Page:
Playlists! An Exciting Innovation

Playlists! An Exciting Innovation

During the summer I attended an exciting workshop sponsored by Vibrant Faith with leader Kathy Pittenger, the Children's Initiatives Coordinator for the Michigan Conference of the United Methodist Church.  Kathy is an enthusiastic early adopter of an innovative idea known as Playlists. Playlists are transforming faith formation for the home, for individuals of all ages, for inter-generational settings, and more! Playlists offer a path to flexible, interest driven, learning and engagement. It incorporates both asynchronous and synchronous learning.

A Faith Formation Playlist is a curated set of short, often simple activities centered on a theme or single concept that may include gathered and digital (video, online, audio, print, etc.) experiences.  It weaves together a variety of activities based on a common theme in short form or micro-learning experiences which deepen and enhance knowledge and comprehension, skills development, and practice. 

Playlists are designed to include activities that incorporate the many ways we learn (multiple intelligences learning based on the work of Howard Gardner) and is practice oriented learning.  A Playlist may use a variety of learning methods and media such as short stories, art, brief video clips, games, learning apps, faith or spiritual practices and more.   

2 common ways to create a playlist center on either: 1. a menu approach of faith forming activities centered on a faith concept, topic or theme such as who is my neighbor, kindness, communion, etc. or 2. a sequenced learning design (where the pathway is more carefully designed to lead the learner) that may also center on a theme or topic is a series of 4 movements based on the work of Dr. Bernice McCarthy- Engage/Explore, Create, Perform/Present, and share.

On a menu style Playlist, for example, a learner might have a dozen choices of 5, 10, or even 15 minute activities designed to engage them more deeply in a concept based on a Gospel parable, for example.  The learner chooses and decides, what to read, watch, do, practice, etc. from a few choices in each of these categories. They learn at their own rate and may choose based on their own learning preferences. The pattern suggested by John Roberto of Vibrant Faith is Read, Watch, Participate, Listen, Pray and Reflect.  The pattern is presented in a linear style but does not need to be engaged in the linear pattern.  For instance, one could begin by listening and then participating and reading. Or any combination of these movements through the content.  It's that flexible .. and yes, you can start a Playlist and go back to it or repeat it.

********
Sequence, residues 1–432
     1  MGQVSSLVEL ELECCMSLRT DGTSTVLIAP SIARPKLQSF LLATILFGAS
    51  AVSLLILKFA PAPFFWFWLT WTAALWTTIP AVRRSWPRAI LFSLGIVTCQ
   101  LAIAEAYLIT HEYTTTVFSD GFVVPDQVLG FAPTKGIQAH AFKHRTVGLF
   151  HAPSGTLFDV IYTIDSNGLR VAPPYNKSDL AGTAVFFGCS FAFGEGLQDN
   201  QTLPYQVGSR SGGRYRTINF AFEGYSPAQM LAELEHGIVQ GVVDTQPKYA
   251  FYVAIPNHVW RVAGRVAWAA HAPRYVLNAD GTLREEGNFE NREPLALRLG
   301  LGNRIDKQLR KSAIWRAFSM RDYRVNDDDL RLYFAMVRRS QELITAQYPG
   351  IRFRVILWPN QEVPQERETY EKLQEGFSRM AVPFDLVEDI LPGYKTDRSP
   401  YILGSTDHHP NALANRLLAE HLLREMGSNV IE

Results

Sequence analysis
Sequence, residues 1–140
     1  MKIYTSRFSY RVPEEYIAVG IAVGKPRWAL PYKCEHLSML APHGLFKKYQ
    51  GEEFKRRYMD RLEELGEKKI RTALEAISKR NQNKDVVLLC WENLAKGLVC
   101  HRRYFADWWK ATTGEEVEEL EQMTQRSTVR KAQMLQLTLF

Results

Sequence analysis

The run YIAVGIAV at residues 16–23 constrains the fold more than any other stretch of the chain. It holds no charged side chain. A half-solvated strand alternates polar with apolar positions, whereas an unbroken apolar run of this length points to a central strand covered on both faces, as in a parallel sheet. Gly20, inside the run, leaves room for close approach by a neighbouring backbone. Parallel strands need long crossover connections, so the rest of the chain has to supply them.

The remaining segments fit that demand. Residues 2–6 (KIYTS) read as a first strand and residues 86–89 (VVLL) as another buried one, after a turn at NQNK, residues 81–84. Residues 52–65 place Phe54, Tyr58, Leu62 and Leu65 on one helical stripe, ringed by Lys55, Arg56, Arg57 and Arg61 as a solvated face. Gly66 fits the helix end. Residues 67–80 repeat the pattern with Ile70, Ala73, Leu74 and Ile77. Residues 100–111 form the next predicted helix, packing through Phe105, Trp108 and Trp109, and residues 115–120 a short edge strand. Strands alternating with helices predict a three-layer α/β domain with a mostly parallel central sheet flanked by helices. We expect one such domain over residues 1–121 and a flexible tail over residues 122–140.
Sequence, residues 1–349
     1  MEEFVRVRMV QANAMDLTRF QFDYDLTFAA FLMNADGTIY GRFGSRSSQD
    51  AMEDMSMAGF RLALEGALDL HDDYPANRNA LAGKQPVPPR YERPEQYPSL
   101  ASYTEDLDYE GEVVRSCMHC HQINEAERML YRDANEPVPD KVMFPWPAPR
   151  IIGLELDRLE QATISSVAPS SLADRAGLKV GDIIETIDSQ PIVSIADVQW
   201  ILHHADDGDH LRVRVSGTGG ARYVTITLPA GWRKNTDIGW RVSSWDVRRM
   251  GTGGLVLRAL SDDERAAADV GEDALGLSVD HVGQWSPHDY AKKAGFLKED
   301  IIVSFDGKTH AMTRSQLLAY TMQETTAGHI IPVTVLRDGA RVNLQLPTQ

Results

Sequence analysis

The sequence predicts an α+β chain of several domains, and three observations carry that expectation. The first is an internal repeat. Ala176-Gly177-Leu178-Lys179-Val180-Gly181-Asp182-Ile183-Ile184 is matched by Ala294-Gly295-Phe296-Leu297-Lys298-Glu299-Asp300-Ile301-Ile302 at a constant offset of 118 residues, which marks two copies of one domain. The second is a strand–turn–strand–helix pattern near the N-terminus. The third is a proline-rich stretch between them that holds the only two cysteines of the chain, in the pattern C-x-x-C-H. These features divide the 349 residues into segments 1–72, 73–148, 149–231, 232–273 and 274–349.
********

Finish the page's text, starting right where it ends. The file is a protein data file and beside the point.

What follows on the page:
Personal opinion- these Playlists are accessible, easily crafted, creative, and offer leaders and learners alike an opportunity to discover and deepen faith at one's own pace and in a manner the learner finds most comfortable. They have a great potential to transform and are suitable for contexts of home, church and community. Shaping discipleship can be fun!

Want to know more? Link to these sites and documents to learn more.

LIfelong Faith-Designing Playlists

Examples of Playlists

Vibrant Faith Catalyst-Designing Playlists



karen ziel.jpg
Karen E. Ziel

Karen works in partnership with the team to guide congregations in self-assessment and discernment, and to provide or suggest effective programs for clergy and lay leadership development.  Contact her to: Connect your congregation with the tools and...

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